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Found Her by N. J. MacKay

Hi book worms! This is a full in depth review of Found Her by N. J MacKay spoilers and all, so do be careful reading if you don’t want the spoilers! I found Niki MacKay through a podcast that she is a co-host on with two other authors (Elle Croft and Victoria Selmen) called Crime Girl Gang that I adore. Found her is Niki’s third novel, the first two are based on the same lead character but Found Her takes a break from Madison Attalee to focus on Eve Moriarty.

Found Her is a split narrative book, something that is fairly common to the genre but that Niki MacKay does really well, using it to really explore different themes within the book and different view points of characters too. Eve mostly splits the narrative with an unknown young boy who is clearly being abused by his mother, and although his father is aware of it, he appears to be too weak to do anything about it. 

Eve Moriary is alone in the world where family is concerned. She lives with her partner Mike in her family home, the one she grew up in, the one her family fell apart in. Eve remembers the day her family fell apart, the day she walked home from school with Robbie, her crush, and her younger sister Belle disappeared. Eve stayed at home with her mother from then on out, and looked after her until she passed away. She has no real memories of her father, and knows only that he was a married man with another family.

But the thing is, ever since Belle went missing, Eve has never really been able to shake the feeling that she is being watched. She is militant about double locking her front door, locking windows and ensuring her home is as safe as she can possibly make it. She even refuses to have a small doggy flap registered to her pet dog Dale’s microchip, because it’s a way in and to Eve, her safety is paramount.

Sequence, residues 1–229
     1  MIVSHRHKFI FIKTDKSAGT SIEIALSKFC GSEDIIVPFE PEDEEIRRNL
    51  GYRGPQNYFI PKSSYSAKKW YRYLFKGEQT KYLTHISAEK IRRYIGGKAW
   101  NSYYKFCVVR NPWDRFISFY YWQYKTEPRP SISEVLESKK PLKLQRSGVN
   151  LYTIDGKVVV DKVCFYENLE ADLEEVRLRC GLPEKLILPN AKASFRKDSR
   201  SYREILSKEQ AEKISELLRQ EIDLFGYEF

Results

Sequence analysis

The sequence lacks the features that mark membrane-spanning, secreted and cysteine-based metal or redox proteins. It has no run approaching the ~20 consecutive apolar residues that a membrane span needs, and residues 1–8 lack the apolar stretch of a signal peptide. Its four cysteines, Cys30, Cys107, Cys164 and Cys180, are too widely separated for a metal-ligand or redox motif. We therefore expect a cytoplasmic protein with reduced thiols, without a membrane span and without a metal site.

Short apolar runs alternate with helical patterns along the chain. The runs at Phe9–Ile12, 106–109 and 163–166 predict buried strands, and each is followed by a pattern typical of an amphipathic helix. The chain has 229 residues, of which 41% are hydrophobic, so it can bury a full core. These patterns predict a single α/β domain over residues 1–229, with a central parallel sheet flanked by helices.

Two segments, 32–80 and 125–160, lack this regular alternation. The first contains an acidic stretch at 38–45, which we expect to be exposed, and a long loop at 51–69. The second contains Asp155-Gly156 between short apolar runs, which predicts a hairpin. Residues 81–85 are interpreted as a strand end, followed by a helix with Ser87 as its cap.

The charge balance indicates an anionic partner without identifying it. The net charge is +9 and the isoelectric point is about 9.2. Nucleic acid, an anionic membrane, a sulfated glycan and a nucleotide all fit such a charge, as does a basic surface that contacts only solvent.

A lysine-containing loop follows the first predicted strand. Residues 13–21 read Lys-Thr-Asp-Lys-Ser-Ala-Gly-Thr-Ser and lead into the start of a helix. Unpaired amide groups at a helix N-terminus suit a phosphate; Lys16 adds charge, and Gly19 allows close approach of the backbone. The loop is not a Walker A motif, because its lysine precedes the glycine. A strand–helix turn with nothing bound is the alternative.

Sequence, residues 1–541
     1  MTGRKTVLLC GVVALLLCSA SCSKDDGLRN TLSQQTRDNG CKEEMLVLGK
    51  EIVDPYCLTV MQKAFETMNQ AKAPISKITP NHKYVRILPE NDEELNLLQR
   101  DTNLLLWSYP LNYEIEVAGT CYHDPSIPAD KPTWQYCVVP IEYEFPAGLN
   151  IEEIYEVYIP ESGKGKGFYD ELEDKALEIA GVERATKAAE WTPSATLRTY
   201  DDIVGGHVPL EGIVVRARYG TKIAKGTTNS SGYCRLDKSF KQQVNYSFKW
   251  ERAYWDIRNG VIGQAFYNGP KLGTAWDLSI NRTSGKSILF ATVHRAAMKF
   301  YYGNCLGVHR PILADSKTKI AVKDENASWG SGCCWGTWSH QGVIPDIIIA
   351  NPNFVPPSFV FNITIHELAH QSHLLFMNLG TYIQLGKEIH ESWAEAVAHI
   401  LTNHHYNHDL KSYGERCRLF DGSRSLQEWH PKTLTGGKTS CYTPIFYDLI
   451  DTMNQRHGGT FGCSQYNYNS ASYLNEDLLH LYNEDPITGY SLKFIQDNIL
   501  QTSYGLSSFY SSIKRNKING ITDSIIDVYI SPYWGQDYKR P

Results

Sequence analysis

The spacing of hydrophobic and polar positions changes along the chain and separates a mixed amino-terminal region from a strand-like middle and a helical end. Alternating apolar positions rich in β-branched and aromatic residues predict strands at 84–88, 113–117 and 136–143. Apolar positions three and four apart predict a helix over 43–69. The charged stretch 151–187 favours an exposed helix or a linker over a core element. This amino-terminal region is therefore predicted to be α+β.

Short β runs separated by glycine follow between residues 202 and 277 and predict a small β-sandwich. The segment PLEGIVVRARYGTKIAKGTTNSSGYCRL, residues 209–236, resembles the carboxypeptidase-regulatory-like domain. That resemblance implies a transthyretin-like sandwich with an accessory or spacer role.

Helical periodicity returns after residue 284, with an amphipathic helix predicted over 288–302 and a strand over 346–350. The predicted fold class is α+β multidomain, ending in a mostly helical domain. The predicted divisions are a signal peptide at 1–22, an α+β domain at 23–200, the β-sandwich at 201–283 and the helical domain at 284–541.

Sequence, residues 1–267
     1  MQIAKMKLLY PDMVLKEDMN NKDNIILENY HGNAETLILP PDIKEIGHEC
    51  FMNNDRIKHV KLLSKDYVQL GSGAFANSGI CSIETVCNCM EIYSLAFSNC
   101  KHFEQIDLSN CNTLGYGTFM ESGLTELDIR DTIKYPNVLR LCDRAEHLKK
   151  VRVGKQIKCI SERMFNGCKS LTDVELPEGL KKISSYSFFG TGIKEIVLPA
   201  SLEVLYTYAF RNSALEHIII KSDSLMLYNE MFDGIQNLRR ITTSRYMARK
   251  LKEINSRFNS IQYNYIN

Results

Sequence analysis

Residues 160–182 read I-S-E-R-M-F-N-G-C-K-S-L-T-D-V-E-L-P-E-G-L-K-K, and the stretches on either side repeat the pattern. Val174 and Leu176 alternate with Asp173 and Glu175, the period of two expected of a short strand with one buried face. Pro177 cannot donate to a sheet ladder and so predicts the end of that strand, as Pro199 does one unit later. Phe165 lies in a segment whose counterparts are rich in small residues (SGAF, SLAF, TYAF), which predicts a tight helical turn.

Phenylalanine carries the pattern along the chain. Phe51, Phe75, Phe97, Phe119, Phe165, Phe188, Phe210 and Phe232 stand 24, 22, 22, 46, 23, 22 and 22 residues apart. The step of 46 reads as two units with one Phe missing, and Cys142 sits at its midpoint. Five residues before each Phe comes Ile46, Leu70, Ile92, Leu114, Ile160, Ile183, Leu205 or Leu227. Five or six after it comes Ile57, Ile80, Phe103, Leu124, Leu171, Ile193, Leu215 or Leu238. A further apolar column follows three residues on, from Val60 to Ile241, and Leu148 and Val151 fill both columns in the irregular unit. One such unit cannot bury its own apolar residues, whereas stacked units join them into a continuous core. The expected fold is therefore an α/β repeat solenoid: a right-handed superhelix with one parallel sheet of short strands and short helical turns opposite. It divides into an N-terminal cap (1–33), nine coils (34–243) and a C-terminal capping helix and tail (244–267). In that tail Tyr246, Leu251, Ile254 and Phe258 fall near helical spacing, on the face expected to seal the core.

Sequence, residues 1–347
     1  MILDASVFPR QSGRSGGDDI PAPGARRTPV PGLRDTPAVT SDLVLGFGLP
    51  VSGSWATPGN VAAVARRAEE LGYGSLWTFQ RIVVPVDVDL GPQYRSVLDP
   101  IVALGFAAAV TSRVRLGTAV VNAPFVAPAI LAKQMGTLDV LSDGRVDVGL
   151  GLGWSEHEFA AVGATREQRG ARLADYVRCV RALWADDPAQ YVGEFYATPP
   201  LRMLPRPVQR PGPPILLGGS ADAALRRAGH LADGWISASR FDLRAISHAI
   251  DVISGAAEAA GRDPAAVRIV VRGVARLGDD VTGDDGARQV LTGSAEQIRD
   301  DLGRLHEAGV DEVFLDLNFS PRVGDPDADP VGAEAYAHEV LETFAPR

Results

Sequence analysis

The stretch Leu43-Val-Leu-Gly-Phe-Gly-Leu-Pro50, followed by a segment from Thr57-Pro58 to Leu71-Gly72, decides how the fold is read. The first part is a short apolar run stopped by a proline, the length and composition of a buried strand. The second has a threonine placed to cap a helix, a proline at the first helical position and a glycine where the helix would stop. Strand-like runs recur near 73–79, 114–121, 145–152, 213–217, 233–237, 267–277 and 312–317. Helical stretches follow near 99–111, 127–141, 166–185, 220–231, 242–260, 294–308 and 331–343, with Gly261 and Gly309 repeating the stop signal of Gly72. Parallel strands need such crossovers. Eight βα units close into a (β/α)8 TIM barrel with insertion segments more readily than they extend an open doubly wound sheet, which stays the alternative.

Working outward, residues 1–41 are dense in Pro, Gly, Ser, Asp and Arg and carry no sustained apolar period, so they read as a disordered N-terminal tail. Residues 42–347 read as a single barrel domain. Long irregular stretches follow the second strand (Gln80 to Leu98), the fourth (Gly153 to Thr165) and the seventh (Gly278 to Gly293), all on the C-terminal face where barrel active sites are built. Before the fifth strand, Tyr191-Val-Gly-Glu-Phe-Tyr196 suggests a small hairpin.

Eve is a really well written and constructed character. She suffers with a lot of guilt about what happened to Belle, and it’s clear she feels that her mother always secretly blamed her for what happened to Belle, that she wished Eve had been taken, not Belle. She is stuck in self destructive patterns from the trauma of the loss of her sister. She struggles in her relationship, finding Mike bland, repetitive and almost as if he gets in the way of the life she had before he moved in. She is meticulously neat, he doesn’t tidy up after himself, sex is boring but even Eve admits that he is safe, reliable and will look after her – if she will let him. Eve works with her best friend Mandy for a charity, whom she adores. Yet the relationship there is also shrouded in guilt too and self destructive patterns.

The book however opens with a young girl running away, heading for the cars, heading for safety and it ends with her being hit by a car and all going black. It’s an explosive opening that is followed on by a brilliant exciting incident when we discover that Belle has been found alive. 

Once Belle is found, that feeling that took Eve years after Belle’s disappearance to lose returns. Eve is attacked, and secrets start to come out unravelling Eve’s life, people aren’t all they seem to be, least of all Eve herself.

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